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12 February 2006
Early chiefdoms offer clues to modern wealth, study says

When human ancestors gave up a nomadic way of life to farm the land, they gathered in small communities where they could share some of their skills.
These early societies, known as chiefdoms, sowed the seeds of modern human civilization.
     Now a unique study of archaeological data has shown that the organization and symbols of power in these chiefdoms varied greatly. Robert Drennon and Christian Peterson from the University of Pittsburgh analyzed three ancient chiefdoms that existed in different parts of the world at different points in time. The anthropologists mapped out housing patterns and counted the shards of pottery and jewelry belonging to each house. These data allowed them to unravel clues about how each society was organized.
     Writing in the journal Proceedings of the National Academy of Sciences, the scientists describe the valley of Oaxaca, Mexico, which was occupied by an early chiefdom around 3,500 years ago. Most residents lived in small villages of less than 50 people. But there was one village, San José Mogote, that had a population of more than 500. "Wealth was the most important currency for the Oaxaca community," Drennon said, referring to the high number of possessions, such as precious jewelry, found in individual dwellings.
     But the anthropologists discovered a surprisingly different kind of structure for the 3,000-year-old Alto Magdalena community in the Colombian Andes. Careful mapping of all the dwellings revealed that these people didn't live together in villages. "They were scattered across the landscape on small plots that they farmed for themselves," Drennon said. The Alto Magdalena people practiced a shamanic religion, as evidenced by sculptures found in the region of priests with supernatural and animalistic powers. Important residents were buried in the most ornate tombs, which bear religious symbols suggesting that they were revered spiritual figures. But based on the distribution of artifacts, Alto Magdalena's most powerful people were not necessarily wealthy. "High-ranking people had a great deal of spiritual power, but they didn't enjoy a much higher living status," Drennon said.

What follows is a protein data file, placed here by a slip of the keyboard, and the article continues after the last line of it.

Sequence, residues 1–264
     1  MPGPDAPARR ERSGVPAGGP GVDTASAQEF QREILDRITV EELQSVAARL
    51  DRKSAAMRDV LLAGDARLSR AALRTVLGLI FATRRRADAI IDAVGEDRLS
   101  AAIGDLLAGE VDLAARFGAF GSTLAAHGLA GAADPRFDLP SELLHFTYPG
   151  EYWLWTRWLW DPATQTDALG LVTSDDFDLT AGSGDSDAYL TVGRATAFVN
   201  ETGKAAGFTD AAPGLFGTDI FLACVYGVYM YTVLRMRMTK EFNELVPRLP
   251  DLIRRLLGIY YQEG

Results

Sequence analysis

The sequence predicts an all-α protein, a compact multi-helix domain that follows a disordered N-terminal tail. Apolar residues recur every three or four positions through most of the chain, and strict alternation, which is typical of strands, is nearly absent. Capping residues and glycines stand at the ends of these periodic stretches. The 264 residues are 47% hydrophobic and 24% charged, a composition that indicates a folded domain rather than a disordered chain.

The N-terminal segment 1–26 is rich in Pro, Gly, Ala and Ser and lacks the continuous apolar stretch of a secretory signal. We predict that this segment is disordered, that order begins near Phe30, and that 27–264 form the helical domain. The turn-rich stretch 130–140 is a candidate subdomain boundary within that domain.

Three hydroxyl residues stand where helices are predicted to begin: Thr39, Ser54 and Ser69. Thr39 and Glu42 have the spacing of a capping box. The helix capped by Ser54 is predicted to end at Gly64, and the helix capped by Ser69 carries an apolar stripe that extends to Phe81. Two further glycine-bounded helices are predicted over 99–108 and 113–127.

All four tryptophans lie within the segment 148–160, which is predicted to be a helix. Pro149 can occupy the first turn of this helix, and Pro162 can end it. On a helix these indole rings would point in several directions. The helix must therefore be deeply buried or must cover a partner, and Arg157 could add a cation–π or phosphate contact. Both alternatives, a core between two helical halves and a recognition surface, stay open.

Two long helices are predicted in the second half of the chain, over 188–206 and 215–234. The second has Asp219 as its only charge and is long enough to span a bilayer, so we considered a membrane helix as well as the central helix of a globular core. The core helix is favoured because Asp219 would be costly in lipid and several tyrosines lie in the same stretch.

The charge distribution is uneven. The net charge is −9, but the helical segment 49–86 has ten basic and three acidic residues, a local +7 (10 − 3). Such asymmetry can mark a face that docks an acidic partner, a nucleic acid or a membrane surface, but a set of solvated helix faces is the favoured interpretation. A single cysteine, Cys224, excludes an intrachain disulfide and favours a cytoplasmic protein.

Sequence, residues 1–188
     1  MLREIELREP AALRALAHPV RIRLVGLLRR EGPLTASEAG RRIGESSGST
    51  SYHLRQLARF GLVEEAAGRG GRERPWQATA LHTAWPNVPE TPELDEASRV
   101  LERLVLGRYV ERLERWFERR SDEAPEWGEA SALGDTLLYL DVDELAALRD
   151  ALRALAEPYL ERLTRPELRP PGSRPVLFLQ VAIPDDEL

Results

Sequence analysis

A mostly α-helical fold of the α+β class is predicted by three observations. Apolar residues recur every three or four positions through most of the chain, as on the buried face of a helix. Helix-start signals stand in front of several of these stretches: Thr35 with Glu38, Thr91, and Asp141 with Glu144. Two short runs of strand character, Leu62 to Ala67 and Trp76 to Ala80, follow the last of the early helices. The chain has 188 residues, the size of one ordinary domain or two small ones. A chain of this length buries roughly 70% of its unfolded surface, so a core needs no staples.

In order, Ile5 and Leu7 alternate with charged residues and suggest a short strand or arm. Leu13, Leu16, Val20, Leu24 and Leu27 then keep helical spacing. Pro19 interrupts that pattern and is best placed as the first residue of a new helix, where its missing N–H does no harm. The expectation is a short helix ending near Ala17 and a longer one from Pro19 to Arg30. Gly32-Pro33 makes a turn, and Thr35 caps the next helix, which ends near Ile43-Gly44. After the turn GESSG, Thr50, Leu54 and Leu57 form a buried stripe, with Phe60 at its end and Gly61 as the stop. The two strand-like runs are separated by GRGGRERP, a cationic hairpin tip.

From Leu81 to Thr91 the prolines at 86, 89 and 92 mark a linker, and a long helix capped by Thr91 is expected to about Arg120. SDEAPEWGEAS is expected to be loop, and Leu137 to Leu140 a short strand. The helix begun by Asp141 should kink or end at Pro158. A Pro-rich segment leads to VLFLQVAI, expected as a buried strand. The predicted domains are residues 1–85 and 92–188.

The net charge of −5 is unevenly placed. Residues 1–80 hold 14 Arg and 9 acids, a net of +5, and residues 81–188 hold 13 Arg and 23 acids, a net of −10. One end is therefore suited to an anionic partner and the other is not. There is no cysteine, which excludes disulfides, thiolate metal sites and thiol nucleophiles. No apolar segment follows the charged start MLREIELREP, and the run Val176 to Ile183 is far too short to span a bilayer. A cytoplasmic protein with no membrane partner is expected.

In northeast China, Drennon and Peterson found that the structure of the Hongshan culture, which emerged around 6,000 years ago, lay somewhere between the Alto Magdalena and Oaxaca communities. "Both religion and an economy were in evidence, but they don't seem to have meshed," Drennon said.
     According to the authors, some of the differences in chiefdoms can be partially explained by landscape and climate. Both the valley of Oaxaca and the Hongshan region have dry highland climates where agriculture is a risky venture. Working together to dig irrigation channels and share labor meant people could increase their chances of success. By contrast the Alto Magdalena community had a mild climate where frosts were unheard of and crop failure was rare.
     Clifford Brown, an anthropologist at Florida Atlantic University, has done studies of settlement patterns and reached similar conclusions. "Most societies with a highly dispersed dwelling pattern tend to be in tropical forests, and the pattern may have something to do with the way the people exploit the environment," he said. But climate can't explain everything.
     Drennon says he was surprised, for example, that Oaxaca and Hongshan, both regions with relatively low population levels, would support such large, tightly integrated communities at such an early stage. Perhaps the most intriguing finding of all is the way in which each of these societies developed and persisted. In the valley of Oaxaca, chiefdoms were relatively short-lived, giving way to larger and more powerful states in a period of less than a thousand years. But in the Hongshan region and Alto Magdalena, development was much slower and chiefdoms persisted for thousands of years. To Drennon, the differences illustrate how chiefdoms with a strong economic hierarchy quickly came to dominate. Such communities probably formed the basis for much of Western civilization. But the find also shows that cultures with a spiritual-based hierarchy—or at least less emphasis on material wealth—might be more steady and stable over time.
     Writing in PNAS, the authors note that they hope other groups will be able to collect even more, similar data sets from ancient communities around the globe. Analyzing these data will help anthropologists understand the full extent of diversity between early chiefdoms, they say—and the impact such diversity has had on modern cultures.

Source: National Geographic News (8 February 2006)

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